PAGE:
Handling the HAZMATs

Discover what it’s like to be on a Civil Support Team

Civil Support Teams respond to situations involving toxic materials and other public hazards, so they must be ready to be hands-on when everyone else is hands-off. SSG Alex Raber, a 25U Signal Support Systems Specialist with the 82nd CST in South Dakota, describes life in the HAZMAT suits.

SSG Alex Raber in HAZMAT gearOne of the first courses we attend is CSSC (Civil Support Skills Course). It’s about two months long, and we earn our hazmat (hazardous materials) awareness, operations and technician training, also learning different types of equipment. Everyone in the CST is required to take the course, which is basically a crash-course on most of the equipment for identifying chemicals and different hazardous materials.

Our role is to be able to walk into a situation and deal with any kinds of chemicals or materials. We must be able to identify the chemicals and know how to approach them. It’s all about standing back as far as you can, realizing what the threat is, and then being able to know how close you can get [to the materials] and what tools you need to mitigate the issue.

We work directly with local fire departments, police, hazmat teams and medical services. That’s our primary mission. We’re there to assist the civilian authorities. When we show up to an incident, we don’t take over. We’re there to facilitate them and help them out in any way that they need.

If an incident were to happen, our state would request the CST through all the proper military channels. They would notify our commander, and we would report to the CST building. At that point, we would deploy the team out either as a whole unit or different sections, depending on what we’re dealing with.

We would deploy to the site of the incident and establish our footprint, which is in the cold zone—near the site, but far enough away from possible contamination. Next, we would set up our decontamination line and our operations center. At that point, we would start getting in our suits, go downrange and begin to survey the area for any chemicals or materials.

[When dealing] with radiation, we use our radiation monitors to get close enough to the radiation source to identify it. We have specialized equipment that’s able to identify the radiation source from a distance. You can only get so close to it depending on the energy that it puts off. The devices are handheld and have a display and a cord with different types of probes on it to pick up different types of radiation. It gives you readings of what the radiation is emitting.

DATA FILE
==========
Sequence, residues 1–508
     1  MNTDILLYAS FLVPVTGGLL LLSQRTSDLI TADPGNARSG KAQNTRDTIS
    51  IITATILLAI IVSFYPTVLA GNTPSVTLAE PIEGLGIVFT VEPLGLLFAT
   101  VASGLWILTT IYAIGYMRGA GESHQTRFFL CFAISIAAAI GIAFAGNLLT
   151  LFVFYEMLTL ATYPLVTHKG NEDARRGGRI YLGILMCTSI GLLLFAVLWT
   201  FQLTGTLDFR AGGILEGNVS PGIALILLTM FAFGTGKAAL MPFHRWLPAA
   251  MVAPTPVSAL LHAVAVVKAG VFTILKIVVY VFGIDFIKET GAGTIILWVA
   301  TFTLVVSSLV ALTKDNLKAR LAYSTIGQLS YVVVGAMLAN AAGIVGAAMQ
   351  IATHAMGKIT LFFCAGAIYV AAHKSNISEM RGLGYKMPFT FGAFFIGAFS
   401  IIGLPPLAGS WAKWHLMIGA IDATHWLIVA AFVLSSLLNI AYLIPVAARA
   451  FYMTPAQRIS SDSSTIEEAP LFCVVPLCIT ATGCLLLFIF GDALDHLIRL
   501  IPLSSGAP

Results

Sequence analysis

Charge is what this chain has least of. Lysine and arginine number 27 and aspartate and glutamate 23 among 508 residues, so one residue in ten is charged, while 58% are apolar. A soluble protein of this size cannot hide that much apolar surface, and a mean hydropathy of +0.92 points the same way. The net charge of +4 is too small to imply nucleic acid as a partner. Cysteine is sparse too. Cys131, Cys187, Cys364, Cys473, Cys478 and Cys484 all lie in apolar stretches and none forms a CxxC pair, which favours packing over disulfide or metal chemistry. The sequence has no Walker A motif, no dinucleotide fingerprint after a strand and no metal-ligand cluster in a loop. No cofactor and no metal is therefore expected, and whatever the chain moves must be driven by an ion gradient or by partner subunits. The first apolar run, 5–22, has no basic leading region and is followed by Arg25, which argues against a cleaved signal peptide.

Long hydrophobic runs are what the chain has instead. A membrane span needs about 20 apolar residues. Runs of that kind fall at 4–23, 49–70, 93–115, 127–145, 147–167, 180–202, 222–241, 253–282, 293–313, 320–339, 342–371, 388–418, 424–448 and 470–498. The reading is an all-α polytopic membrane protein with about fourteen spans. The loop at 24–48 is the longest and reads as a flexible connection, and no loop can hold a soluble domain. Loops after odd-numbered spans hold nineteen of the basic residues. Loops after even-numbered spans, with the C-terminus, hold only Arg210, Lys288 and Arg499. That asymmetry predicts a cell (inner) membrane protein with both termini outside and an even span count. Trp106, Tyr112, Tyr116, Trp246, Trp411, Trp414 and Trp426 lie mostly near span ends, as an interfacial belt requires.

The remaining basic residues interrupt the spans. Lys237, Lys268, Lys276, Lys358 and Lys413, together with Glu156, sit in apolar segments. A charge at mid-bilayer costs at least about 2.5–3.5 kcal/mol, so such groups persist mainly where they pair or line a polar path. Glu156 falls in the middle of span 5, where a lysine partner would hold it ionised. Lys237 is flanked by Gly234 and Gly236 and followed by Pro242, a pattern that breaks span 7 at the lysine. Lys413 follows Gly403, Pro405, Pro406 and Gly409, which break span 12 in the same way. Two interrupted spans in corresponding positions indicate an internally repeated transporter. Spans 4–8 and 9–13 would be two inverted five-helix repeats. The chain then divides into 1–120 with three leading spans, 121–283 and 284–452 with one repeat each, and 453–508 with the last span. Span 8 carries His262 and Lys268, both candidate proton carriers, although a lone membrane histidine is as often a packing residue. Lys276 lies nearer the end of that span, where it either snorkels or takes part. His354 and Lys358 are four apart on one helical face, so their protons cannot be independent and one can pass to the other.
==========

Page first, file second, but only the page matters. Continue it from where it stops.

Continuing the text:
During a normal workweek, we report for PT in the morning first thing. We’re allotted time for PT because being in the hazmat suit is pretty strenuous, and we pack a lot of equipment. We have a lot of specialized equipment in the unit, so maintenance of it can take hours, troubleshooting and ensuring everything’s working correctly.

I work with another Soldier in the Unified Command Suite (UCS). We use it to make sure all the radio systems are up and working properly, and it’s able to provide data and the Internet for everybody within the truck’s footprint. The UCS is small, dark and kind of noisy. In the back of the vehicle, we have all our radios used to support our team and a computer server.

Being in communications, we have to keep up with technology. Technologies are always changing, so we have to stay current with the latest communications equipment.

Story and photo courtesy of GX magazine. GX magazine is an official publication of the Army National Guard.

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Ride the Wave of Job Opportunity

In looking back at On Your Guard in 2012, there were quite a few stories that proved popular or that we feel especially indicative of the rewards of service. So, in the spirit of ‘everything old is new again,’ we will occasionally republish these stories throughout 2013 for the benefit of our new readers.

Three Civilian Growth Opportunities Available through the National Guard

Deciding on a career is a lot like surfing. Think of the waves as occupations. Some are good for you, other waves … not so much. As the surfer, you float in the ocean of possibilities, looking and waiting for the right wave to come along. When it does, you want to be trained and ready to ride it. If you hit it too soon or too late, you could end up in one of those epic fail videos. But hit the wave just right and you can ride it all the way to shore.

Here are a few fields that the Bureau of Labor Statistics expects to make bigger than average waves during the next few years. The National Guard can help you prepare to ride these waves as far as you can.

  1. Turn Care into a Career – Believe it or nThree National Guard Soldiers in the medical field ot, care is at the core of what we do in the National Guard. We care about our country, our states, our communities, and people. And the Guard provides training in an array of care-based careers in the medical field. Together with the education benefits available in the Guard, you could prepare for a civilian job as a personal care provider (an area adding 607,000 jobs by 2020), home health aide (adding 706,300 jobs by 2020), dental specialist (adding 68,500 dental hygienists by 2020), medical secretary (adding 210,000 positions by 2020), mental health counselor (adding 43,600 jobs by 2020), and physical therapists (adding 77,400 jobs by 2020). Ask a Guard Recruiter about opportunities for you in the medical field.